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Obama's CO2 emissions limits called vital — and overdue

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AP file photo

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Updated: July 4, 2014 6:13AM



The Obama administration’s plan to cut carbon dioxide emissions from power plants by 30 percent by 2030 was heralded Monday as historic and overdue by an Illinois grassroots coalition joined by elected officials.

The Illinois Climate Table coalition — made up of environmental, corporate, medical and community groups — declared Illinois should take a national lead in adopting carbon pollution standards for its power plants.

“For the last 12 plus years, our community fought to shut down two of the oldest and dirtiest coal-fired power plants in the nation. How amazing it would have been to have had these regulations 12 years ago, 10 years ago, five years ago,” said Kim Wasserman of the Little Village Environmental Justice Organization.

Her group, complaining of pollution and high rates of respiratory illness afflicting the predominantly Hispanic Pilsen and Little Village communities — where Midwest Generation operated the Fisk and Crawford power plants — had waged a grassroots campaign to declare Chicago a coal-free city. It finally won the support of Mayor Rahm Emanuel and a majority of the City Council, and agreements leading to shuttering of both plants in 2012.

The proposal announced by the Environmental Protection Agency Monday — to reduce pollution linked to global warming — would give states until 2017 to submit plans to cut power plant pollution, and 2018 if they join with other states to tackle the issue. The 645-page rule is expected to be final next year, with the administration hoping to get other countries to act when negotiations on a new international treaty resume next year.

“If implemented correctly, the new rules offer a great opportunity, opening the door to bigger and better energy efficiency programs, while jump-starting distributed generation like solar,” David Kolata, executive director of the Citizens Utility Board, said at the coalition’s downtown press conference.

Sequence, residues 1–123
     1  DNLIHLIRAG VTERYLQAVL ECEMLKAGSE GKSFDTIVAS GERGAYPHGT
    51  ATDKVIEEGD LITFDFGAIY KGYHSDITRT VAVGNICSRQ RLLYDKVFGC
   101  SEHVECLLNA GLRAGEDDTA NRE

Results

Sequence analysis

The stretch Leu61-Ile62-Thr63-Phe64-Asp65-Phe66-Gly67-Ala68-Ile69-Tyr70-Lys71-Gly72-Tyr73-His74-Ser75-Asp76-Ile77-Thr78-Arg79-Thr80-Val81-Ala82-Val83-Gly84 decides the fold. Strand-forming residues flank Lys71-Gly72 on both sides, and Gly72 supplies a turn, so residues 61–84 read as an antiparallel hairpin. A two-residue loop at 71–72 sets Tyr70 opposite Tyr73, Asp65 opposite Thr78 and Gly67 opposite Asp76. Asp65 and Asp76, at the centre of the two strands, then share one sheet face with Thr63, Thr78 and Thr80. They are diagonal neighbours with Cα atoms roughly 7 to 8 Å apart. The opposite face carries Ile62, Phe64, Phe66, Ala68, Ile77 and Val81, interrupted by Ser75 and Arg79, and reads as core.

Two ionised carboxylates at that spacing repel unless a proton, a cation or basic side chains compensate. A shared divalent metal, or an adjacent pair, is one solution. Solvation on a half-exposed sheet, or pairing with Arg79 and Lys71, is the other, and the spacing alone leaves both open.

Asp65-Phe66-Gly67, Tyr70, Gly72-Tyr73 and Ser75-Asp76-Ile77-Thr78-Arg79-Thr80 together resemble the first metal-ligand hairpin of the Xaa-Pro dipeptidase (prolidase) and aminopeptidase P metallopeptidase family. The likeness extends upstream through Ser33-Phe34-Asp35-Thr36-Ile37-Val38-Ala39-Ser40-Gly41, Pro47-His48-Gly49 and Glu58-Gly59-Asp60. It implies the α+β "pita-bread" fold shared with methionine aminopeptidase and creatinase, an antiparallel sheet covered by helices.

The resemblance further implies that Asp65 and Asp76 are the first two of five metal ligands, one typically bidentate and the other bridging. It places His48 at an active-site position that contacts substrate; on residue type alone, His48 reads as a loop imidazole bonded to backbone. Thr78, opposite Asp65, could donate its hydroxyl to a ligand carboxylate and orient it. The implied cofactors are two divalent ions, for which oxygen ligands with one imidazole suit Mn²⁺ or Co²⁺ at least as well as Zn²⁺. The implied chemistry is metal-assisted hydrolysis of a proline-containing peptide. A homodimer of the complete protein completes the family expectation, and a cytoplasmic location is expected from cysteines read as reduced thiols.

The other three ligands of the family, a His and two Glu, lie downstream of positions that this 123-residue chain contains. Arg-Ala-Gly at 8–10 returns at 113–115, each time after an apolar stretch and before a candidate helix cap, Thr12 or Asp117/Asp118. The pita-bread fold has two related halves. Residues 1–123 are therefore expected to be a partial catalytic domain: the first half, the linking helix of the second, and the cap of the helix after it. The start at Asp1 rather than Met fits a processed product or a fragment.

“These are the key strategies Illinois needs to ensure affordable energy prices,” Kolata said.

RELATED: Obama: Power plant rule will shrink power prices

Despite concluding in 2009 that greenhouse gases endanger human health and welfare, a finding that triggered their regulation under the 1970 Clean Air Act, it has taken years for the administration to take on America’s power plants, the largest source of greenhouse gases in the U.S. Power plants account for about a third of the annual emissions that currently make the U.S. the second largest contributor to global warming on the planet.

Elected officials at the press conference — all Democrats — noted that President Barack Obama’s plan was quickly and rigorously attacked by Republicans, who largely dispute theories of global warming.

“The nation’s power plants freely dump unlimited amounts of carbon dioxide into the air. Yet Republicans have refused to even have any hearings on these issues,” said U.S. Rep. Bobby Rush, a ranking member of the House Subcommittee on Energy and Power. “I’ve suggested they change the Republican Party symbol from the elephant to an ostrich, because of their resistance to any open discussion on global warming.”

Also in attendance were U.S. Reps. Mike Quigley and Robin Kelly; and Illinois Attorney General Lisa Madigan.

Some corporate leaders noted the new rules will further spur businesses to move toward retrofitting cost-cutting, energy efficiency initiatives, while also driving green industry jobs and the economy.

“From 2009 to 2013, green construction generated nearly 8 million jobs in the U.S., and nearly $400 billion in labor earnings. These are American jobs which can’t be exported,” said Dan Probst, chairman of energy and sustainability services for JLL, a Chicago commercial real estate services firm. “Substantial efficiency opportunities also lie within the commercial buildings sector. Buildings are responsible for up to 70 percent of electrical consumption in major cities and up to 40 percent of greenhouse gas emissions.”

The EPA is expected to offer states a range of options to meet their targets, based on where they get their electricity and how much carbon dioxide they emit. Options could include enhancing programs aimed at making households and businesses more energy-efficient; making power plants more efficient; reducing the frequency at which coal-fired power plants supply power to the grid; and investing in renewable, low-carbon energy sources.

“Today is a very important day. Finally, we’re going to have a real energy climate plan for the United States,” said Madigan. “Illinois is very well-positioned to take the next steps of bringing all the stakeholders to the table to start to determine what kind of energy mix our state will be providing to able to not just reduce carbon emissions and better protect our environment, but also protect people’s health and improve our economy.”

Contributing: Associated Press


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